The key development last week was the decline of shares in Ventspils Nafta, which sank 7.9 percent to 0.58 lats on a turnover of 18,000 lats. The decline was due to several negative news stories coming out at the same time. First was the ongoing "slander" campaign in the press against Ventspils Nafta by Haim Kogan, the Latvian representative of Russia's LUKoil. The Russian newspaper Vedomosti on April 12 quoted the Lukoil-Baltija-R director general as threatening that "now, when the Baltic pipeline system construction proceeds with full force, Ventspils is losing value at a disastrous rate. It will be left without oil soon. In that case, however, they will be able to increase handling of oil products." According to Kogan, this was the reason why LUKoil, which one and a half years ago regarded the acquisition of the Latvian oil terminal on the Baltic Sea coast as a profitable deal, now did not see any point in following through.

Other bad news for Ventspils Nafta came from Lithuania, where the Latvian oil terminal's competitors are based. The same Vedomosti reported April 12 on the successful negotiations between the Lithuanian oil terminal Klaipedos Nafta and the Russian oil company Slavneft on cooperation and a possible sale of some holdings in the Lithuanian company to Slavneft.

Moreover, another report last week stated that Russia's LUKoil intends to resume talks with Lithuania's Mazeikiu Nafta about buying part of the shares in the Lithuanian concern. LUKoil's position in Lithuania is still quite strong as its supporters include Lithuanian Prime Minister Rolandas Paksas himself. Latvijas Unibanka's market analysts believe that Ventspils Nafta shareholders may also be disappointed over the general stagnation of the Latvian stock market and continued uncertainty concerning privatization of the remaining state holdings in the oil terminal.

Latvijas Gaze shares skidded 2.9 percent to 3.59 lats on a turnover of 63,000 lats, and shares in the distillery Latvijas Balzams also dropped 2.9 percent, to 0.33 lats. Low-liquidity stocks including the motor chain producer Daugavpils PKR and the metallurgy firm Liepajas ML also posted significant losses, with the former plummeting 11.1 percent to 0.08 lats and the latter falling 18.8 percent to 0.13 lats. These prices are record lows for both companies and, to a great extent, were a major factor in the downward movement of the Riga Stock Exchange price index.

Lithuania: Danes close in on another acquisition

Shares in LISCO stole the spotlight on the Lithuanian stock exchange, reaching a new high towards the end of the week on the news that a deal over its possible sale to the Danish shipping company DFDS Tor Line might be close to signing. The bourse's continuously tracked price index Litin-10 firmed 3 percent to 1,178.38, the blue chip official list index Litin was up 0.6 percent to 412.48, and the broad index Litin-G rose by 1 percent to 1,004.54. The euro price index of the six Lithuanian Baltic List shares remained almost unchanged for the week, closing up 0.1 percent at 125.33 as gainers balanced losers. Equity turnover on the bourse reached 13.84 million litas ($3.46 million). Overall turnover for the week, including T-bill trades, reached 25.38 million litas.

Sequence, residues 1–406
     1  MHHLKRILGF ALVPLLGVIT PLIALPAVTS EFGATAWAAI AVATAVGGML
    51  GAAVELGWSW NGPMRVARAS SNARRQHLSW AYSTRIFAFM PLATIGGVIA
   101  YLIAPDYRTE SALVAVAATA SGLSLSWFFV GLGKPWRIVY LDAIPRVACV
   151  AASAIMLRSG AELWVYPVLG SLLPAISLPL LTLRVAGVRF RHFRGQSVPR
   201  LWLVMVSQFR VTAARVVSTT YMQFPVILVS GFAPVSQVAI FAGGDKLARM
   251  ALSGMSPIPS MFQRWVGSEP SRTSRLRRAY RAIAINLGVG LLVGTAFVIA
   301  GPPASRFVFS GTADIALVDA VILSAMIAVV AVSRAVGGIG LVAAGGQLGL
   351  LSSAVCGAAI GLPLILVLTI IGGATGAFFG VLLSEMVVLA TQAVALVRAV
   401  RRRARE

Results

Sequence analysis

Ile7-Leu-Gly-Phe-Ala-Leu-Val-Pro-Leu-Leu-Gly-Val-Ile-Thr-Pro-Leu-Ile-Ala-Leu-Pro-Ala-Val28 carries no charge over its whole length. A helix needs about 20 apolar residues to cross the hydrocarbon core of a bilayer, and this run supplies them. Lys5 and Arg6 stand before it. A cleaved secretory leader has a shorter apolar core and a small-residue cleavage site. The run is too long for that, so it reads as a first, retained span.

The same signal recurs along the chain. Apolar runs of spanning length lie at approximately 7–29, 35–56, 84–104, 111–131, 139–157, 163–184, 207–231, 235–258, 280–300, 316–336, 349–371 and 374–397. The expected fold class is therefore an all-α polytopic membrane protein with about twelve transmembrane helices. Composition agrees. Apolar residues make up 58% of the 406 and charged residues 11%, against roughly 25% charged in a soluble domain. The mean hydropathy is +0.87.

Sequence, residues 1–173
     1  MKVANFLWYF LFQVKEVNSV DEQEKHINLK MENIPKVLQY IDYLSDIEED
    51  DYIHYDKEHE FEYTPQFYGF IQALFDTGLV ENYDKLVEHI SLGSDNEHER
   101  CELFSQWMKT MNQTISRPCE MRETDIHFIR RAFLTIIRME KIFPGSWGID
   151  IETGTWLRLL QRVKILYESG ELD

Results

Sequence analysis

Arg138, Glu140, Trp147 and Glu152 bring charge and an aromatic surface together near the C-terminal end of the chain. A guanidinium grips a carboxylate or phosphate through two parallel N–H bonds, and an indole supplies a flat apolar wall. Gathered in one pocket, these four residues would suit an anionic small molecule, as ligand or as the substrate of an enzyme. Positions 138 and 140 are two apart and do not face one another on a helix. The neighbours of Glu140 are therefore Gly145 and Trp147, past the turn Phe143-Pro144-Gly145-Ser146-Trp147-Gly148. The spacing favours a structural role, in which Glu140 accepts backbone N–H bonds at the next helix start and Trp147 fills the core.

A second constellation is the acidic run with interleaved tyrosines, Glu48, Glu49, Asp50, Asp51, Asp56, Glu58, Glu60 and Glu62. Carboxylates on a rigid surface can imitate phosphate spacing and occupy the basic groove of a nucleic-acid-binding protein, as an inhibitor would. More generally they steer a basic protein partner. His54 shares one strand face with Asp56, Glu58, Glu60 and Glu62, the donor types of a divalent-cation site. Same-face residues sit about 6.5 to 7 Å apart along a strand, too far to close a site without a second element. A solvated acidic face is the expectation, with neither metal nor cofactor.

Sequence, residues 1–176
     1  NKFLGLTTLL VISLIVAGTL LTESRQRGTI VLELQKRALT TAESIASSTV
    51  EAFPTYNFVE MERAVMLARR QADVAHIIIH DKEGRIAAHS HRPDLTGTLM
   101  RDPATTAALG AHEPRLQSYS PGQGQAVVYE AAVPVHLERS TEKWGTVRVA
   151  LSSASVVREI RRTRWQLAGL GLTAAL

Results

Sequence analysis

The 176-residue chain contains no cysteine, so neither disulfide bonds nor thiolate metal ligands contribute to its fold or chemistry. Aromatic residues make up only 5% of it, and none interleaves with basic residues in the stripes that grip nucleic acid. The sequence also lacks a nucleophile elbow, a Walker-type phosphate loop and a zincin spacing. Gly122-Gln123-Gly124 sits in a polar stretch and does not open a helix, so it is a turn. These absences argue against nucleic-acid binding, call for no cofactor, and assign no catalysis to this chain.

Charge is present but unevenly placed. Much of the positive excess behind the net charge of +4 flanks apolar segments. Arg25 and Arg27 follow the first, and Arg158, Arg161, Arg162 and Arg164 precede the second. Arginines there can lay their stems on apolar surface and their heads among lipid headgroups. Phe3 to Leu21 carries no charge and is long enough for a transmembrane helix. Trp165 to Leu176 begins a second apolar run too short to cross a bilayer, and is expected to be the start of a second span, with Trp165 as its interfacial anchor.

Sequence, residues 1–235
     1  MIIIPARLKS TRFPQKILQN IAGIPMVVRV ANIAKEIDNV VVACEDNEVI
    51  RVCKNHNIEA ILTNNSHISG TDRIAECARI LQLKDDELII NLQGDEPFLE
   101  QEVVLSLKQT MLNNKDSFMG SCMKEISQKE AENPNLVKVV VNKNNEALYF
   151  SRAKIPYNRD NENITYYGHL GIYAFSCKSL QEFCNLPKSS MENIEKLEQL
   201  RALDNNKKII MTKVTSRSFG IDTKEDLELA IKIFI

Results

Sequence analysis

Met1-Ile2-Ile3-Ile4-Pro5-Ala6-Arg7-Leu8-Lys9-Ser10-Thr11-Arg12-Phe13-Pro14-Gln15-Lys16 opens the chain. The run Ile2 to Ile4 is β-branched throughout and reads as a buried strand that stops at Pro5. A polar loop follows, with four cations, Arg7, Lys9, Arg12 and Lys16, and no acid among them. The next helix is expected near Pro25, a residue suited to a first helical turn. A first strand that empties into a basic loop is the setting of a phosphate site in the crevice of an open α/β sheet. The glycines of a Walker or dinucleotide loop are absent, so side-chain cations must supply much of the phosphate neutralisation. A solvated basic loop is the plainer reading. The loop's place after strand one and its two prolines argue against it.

Market participants said the upcoming completion of LISCO's privatization process made the stock extremely attractive to speculators, with interest in other stocks pushed into the background. Trading in LISCO shares accounted for 30 percent of the total central market turnover. Listed on the current list, LISCO rose 6.8 percent to 3.91 litas, its highest level in 52 weeks, in trade worth 1.07 million litas.

On the official list, Lietuvos Telekomas ended the week 1.6 percent higher at 1.90 litas on a turnover of 523,300 litas. Another 5.61 million litas' worth of shares in the fixed-line telephone monopoly changed hands in block trades. Cheese maker Rokiskio Suris slid 2.9 percent to 18.25 litas in trade worth 118,800 litas, and the TV-tube maker Ekranas was down 1.2 percent to 7.70 litas with 81,000 litas' worth of shares traded.

Refrigerator producer Snaige climbed 4 percent to 35.90 litas on a turnover of 40,000 litas. Brokers attributed the rise in Snaige's share price to a recent statement by the company's managers that a majority interest in the company might be sold to a strategic investor within three months. Amid low trading volumes, the brewer Kalnapilis fell 3.1 percent to 4.35 litas, and the knitwear producer Utenos Trikotazas skidded 6.2 percent to 3 litas.

Back on the current list, the dairy producer Pieno Zvaigzdes ended the week 13.7 percent higher at 1.67 litas in trade worth 188,900 litas. Driven by reports that Pieno Zvaigzdes intends to use funds raised through its new share issue to buy a majority stake in Panevezio Pienas, shares in the latter dairy company charged ahead by 14.7 percent to 1.95 litas, with a modest turnover of 10,200 litas.

Electronic component maker Vilniaus Vingis shot up 7.6 percent to 5.60 litas on a turnover of 177,700 litas. Another 5.08 million litas' worth of shares in the company traded in block deals. Vilniaus Vingis' share price surged following the weekend announcement that the company's board recommended lowering the face value of the company's shares from 5 litas to 4 litas, with the resulting funds, approximately 9.12 million litas, to be paid back to shareholders. What this signals to the market is that, in returning capital to shareholders by paying them a 20 percent dividend, based on the share's face value, company management has failed in its ability to identify and invest this money in attractive, high growth potential projects. Vilniaus Vingis' shareholders are expected to vote on this proposed capital reduction plan on May 19. Perhaps shareholders should instead be voting to replace top management.

Dairy Zemaitijos Pienas was up 2.4 percent to 8.40 litas on a turnover of 118,500 litas, and the savings bank Taupomasis Bankas weakened 0.4 percent to 9.05 litas with 119,800 litas' worth of shares traded.